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The Minneapolis journal. (Minneapolis, Minn.) 1888-1939, May 07, 1901, Image 1

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THE MINNEAPOLIS JOTIRNA!__2
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PRICE TWO CENTS.
CONGER TO •
BE CENSURED
All Because of His Indiscreet
Magazine Article.
UNDIPLOMATIC COURSE
If He's Not Censured Other Powers
May Express Disapproval.
GOODNOW TO SUCCEED CONGER?
The Minneapolis Man Bound to Be
;in the Presidential Mind In
ET— Connection.
Trom The Journal Bureau. Room 43. Toe*
Building, Washington.
Washington, May 7.—Minister Conger
has been sharply criticised in official cir
cles here for his article on China, which
appeared in the current issue of an east
ern magazine. A high official of the state
department points out that Conger is still
minister to China and will continue in
that capacity until his resignation is
formally accepted, which will not be until
sixty days from the day of his arrival
home. -^tffeß_jp
This being the case, it is thought to be
not improbable that Secretary Hay may
publicly reprove the minister lor discuss
ing with such undiplomatic freedom a
situation that touches and interests every
civilized nation. It- is feared that if
Secretary Hay does not thus take the ini
tiative he will have his attention officially
called to Conger's utterances by one or
more European nations which might char
acterize them as something more,serious
than a mere contretemps.
An interesting fact has come out In con
nection with the discussion of Conger's
article. It is that so far there.have been
.no applications for his position. Commis
sioner Rockhill undoubtedly would like it,
but the president is thought to want him
to continue as chief of the bureau of
American republics after he shall have
discharged his present mission in Peking,
besides, Rockhill is a democrat.. Former
Minister Denby of Indiana is said to be
preparing to apply.
By general consent, Consul General
John Goodnow is in many ways better
fitted to succeed Conger than anybody
else in the country, but it is said the
president regards Goodnow's work at
Shanghai as being of the highest im- |
portance and does not want to interrupt i
it.
A change from Shanghai to Peking
might be at the expense of commercial
and diplomatic work at the former place,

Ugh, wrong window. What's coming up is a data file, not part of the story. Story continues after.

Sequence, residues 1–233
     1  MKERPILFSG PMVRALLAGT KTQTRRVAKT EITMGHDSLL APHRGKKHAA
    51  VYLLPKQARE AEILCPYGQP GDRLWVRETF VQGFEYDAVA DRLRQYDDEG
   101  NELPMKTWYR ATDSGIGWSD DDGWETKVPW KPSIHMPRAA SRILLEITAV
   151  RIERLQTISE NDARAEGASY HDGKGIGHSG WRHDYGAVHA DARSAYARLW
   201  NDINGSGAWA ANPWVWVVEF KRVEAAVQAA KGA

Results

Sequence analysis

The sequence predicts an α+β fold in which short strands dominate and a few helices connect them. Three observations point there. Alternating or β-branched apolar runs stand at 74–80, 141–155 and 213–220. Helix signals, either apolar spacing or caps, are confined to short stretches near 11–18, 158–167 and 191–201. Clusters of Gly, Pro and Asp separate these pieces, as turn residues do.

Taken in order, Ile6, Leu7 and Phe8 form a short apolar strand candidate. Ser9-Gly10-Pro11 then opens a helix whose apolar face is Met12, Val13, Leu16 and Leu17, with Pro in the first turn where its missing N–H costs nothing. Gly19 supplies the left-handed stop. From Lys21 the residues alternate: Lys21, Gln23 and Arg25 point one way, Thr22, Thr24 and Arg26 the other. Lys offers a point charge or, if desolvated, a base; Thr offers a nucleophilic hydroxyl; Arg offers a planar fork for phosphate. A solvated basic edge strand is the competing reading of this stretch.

for Goodnow has been very successfully
performing higher duties than those de
volving upon the ordinary consul general.
Whether the president will change his
mind on this point only the future can
disclose. It is likely, however, that
Goodnow will be in the president's mind
for the alace, even if another should
finally be appointed. Now that Conger is
home, the mater will be promptly disposed
of, for it is believed the president desires
! the new minister to start for China al
most as soon as Conger's leave expires. _^
H-- —W. W. Jermane.
Washington Small Talk.
The secretary of the treasury has approved
the compromise of the suit brought against
the Shevliu-Carpenter company, of Minneap
olis, for timber cut in ISSS from lands al
lotted to Anna Cardott for her minor.child,
Cora Cardott. Mr. Shevlin is to pay 11,500
and the costs of the suit and proceedings are
to be dropped. This Is considerably less than
the amount of the original claim, but was
all the government thought could be recov
ered, and It was determined to discontinue
further expensive litigation.
The controller, of the currency has ap
proved the application of F. W. Flanders, W.
F. Powell, G. C. Winchester, E. F. Whitney,
William J. Brown and H. L. Wood for au
thority to organize the First National Bank
of Warren, Minn., with a capital of $25,000.
The controller has approved the Chase Na
tional Bank, of New .York, as reserve agent
for the American National Bank, of Dead
wood, S. D.
ORE RATES AGAIN
Railroad and Warehouse Commis-
sion Will Reinvestigate.
THERE ARE "IFS" IN THE WAY
The . Roads -; Petitioning Mnst Ac
knowledge the Jurisdiction
of the Commission.
The Iron ore rate case will be reopened.
The railroad and warehouse commission
gave out this decision this morning, with
the condition, however, . that the roads
must file before June 20 a stipulation, ac
knowledging the jurisdiction of the com
mlsison and a schedule of the rates now
in force. The Eastern Minnesota will be
permitte dto appear as an intervenor.
The substance of the commission's reso
lution follows: .;
Before June 20 the Duluth & Iron Range
and the Duluth, Missabe & Northern roads
must file schedules of rates on Iron ore from
shipping points to the Duluth docks and also
file with the commission an acknowledgement
-cf the commission's jurisdiction in the mat